Controversial Book Has North Texas Parents Split On Raising Kids

By Karen Borta, CBS 11 News

HIGHLAND PARK (CBSDFW.COM) – Coined by controversial author and Yale Law School professor Amy Chua, the phrase ‘tiger mom’ has some North Texas parents divided on how children should be raised.

The term comes from Chua’s 2011 book “The Battle Hymn of the Tiger Mother,” a best-selling memoir about her strict parenting methods while raising her two precocious daughters.

“This is not a parenting book,” Chua said. “One of the reasons I went this way with my kids is because the model applied to me was so successful.”

In Highland Park, the top priority at the Lu household is education. That means perfect grades, and striving to reach the top of the class no matter what the cost. As such, fifth grader Lily Wu said her mother sets all the rules.

“They don’t let me go to sleepovers,” the 11-year-old said. “I’ve never been to one, and don’t know what it’s like.”

“I think sleepover is really a bad habit for the kids,” her mother, Jinny Pan, responded.

For Pan, who grew up in China, education means opportunity, and being the best means having the best chance for success.

“If she gets the same education as other people, she probably don’t have the same opportunity,” she said. “So, she has to be better in order to get the same opportunity.”

Pan jokes that she’s a tiger mom, which Chua said is used by many Chinese-American parents.

“They always try to get me to do more homework each day,” Lily said.

“I feel like I don’t push her enough,” her mother added. “Sometimes you push your kids, and your kids will say ‘Why are you so mean to me?’”

Not all parents are sold on the virtues of being a tiger mom, however.

“I have to say I was horrified,” said Liz Lazear, a new mother in Irving. “It seemed like her love for her daughters was very conditional.”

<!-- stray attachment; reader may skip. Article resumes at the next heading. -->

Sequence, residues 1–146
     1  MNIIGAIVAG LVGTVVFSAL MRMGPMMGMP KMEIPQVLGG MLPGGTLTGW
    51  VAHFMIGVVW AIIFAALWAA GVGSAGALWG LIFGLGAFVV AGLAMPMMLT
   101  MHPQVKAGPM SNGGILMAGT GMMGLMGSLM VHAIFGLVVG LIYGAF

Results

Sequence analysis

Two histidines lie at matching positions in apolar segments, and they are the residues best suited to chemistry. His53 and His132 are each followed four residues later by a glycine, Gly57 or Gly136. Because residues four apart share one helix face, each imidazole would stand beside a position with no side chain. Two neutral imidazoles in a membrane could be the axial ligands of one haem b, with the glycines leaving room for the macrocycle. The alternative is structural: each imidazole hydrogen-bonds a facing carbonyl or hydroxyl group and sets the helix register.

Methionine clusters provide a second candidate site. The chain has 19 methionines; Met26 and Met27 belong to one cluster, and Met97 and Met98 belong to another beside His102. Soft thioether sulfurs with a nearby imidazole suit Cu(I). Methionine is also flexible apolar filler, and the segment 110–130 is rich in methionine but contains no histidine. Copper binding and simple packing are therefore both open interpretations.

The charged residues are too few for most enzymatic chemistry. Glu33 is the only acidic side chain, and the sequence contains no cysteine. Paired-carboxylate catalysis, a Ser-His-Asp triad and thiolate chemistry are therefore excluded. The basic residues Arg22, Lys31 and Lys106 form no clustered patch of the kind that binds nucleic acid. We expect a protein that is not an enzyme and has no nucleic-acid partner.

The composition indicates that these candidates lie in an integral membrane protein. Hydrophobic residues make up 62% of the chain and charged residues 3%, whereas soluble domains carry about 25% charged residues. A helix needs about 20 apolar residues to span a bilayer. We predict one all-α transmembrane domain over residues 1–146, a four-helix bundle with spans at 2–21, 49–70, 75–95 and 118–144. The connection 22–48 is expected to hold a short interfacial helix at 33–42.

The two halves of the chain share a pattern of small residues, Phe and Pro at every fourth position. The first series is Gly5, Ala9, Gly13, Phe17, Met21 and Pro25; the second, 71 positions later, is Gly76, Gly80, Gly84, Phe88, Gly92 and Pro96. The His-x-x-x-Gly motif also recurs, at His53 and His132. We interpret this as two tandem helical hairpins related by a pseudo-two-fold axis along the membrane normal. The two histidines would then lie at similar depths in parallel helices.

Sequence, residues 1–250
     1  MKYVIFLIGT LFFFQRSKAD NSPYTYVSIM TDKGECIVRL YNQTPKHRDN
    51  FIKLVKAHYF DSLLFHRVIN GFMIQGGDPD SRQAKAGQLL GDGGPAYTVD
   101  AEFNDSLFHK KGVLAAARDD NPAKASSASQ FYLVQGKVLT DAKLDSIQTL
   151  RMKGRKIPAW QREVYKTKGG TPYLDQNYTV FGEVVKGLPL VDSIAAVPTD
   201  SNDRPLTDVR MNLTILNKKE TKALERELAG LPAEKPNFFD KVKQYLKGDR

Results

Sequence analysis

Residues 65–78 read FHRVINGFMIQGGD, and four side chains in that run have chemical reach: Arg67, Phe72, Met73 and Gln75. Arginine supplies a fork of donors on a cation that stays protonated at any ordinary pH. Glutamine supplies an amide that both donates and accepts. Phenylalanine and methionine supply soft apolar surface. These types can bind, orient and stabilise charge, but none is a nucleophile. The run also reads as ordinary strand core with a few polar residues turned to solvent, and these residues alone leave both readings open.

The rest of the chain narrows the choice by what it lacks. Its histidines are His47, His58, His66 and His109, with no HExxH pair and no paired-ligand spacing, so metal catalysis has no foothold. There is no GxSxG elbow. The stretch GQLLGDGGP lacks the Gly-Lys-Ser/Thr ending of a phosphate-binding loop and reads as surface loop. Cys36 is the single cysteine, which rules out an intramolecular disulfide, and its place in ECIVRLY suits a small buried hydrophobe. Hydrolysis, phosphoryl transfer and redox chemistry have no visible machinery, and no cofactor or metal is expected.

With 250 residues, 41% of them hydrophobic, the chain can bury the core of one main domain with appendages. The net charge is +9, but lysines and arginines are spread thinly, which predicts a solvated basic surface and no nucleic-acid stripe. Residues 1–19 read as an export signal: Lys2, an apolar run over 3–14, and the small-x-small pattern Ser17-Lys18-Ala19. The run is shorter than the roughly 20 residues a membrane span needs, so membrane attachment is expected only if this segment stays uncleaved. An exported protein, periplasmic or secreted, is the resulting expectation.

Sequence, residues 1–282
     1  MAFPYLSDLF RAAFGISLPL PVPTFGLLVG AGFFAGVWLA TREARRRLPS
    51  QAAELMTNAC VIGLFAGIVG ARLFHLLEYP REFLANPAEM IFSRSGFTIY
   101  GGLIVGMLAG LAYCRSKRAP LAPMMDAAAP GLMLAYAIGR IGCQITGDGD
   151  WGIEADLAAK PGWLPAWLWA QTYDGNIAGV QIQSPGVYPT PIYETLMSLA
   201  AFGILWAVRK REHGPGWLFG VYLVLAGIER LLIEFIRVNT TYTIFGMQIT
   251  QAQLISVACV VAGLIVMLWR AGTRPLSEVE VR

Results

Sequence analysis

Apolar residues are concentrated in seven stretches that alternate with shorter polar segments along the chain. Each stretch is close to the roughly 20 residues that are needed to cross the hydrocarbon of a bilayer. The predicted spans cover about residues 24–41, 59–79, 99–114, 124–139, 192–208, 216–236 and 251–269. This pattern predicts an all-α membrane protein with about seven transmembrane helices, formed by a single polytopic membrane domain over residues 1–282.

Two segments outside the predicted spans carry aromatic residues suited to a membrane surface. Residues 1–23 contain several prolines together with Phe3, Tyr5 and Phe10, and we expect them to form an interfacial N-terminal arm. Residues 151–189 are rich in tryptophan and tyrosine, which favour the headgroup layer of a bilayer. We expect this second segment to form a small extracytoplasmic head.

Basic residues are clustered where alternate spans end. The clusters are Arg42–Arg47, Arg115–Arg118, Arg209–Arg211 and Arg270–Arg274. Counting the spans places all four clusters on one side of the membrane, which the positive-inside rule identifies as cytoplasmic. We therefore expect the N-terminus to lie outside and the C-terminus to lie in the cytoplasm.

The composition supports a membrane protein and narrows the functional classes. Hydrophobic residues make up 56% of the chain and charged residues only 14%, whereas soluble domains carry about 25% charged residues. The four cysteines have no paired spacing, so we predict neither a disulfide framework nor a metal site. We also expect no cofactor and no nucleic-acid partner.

Lazear said her parents raised her with a lot of freedom, and it still led to success. Today, she’s an attorney.

“It was really a nice, organic, natural way to learn,” she said. “I definitely wanted to replicate that with my own children.”

Dr. Sylvia Gearing, a psychologist in Plano, says she sees a lot of issues with the parenting style of the “Tiger Mom”.

“When kids are over controlled and micromanaged, they don’t learn how to define themselves independently,” Dr. Gearing said. “They just constantly orient to the parent.”

She said some parents push for an unhealthy level of perfection, and don’t allow their children to explore what might interest them.

“They don’t emotionally develop into the independent, resilient people we want them to become,” she said. “Growing up is about taking risks, making friends, making mistakes, and bouncing back.”

Even Amy Chua, who spoke at a recent book signing, admitted she had a few regrets about the way she raised her daughters.

“I wish that I had paid more attention to the individual personalities of my two daughters,” she said. “And, I do wish that I had given my kids more choices.”

However, she was quick to defend her parenting style because she said it worked so well on her.

“My parents having very high expectations for me and sometimes using harsh words coupled with this deep love was the greatest gift that anybody has ever given me,” Chua said. “That’s why I wanted to give it to my kids.”

Aside from the rule about no sleepovers, Lily says her mom does allow her to have fun with her friends, and pursue her own interests, but schoolwork always comes first. And, she believes her mother’s rules will pay off.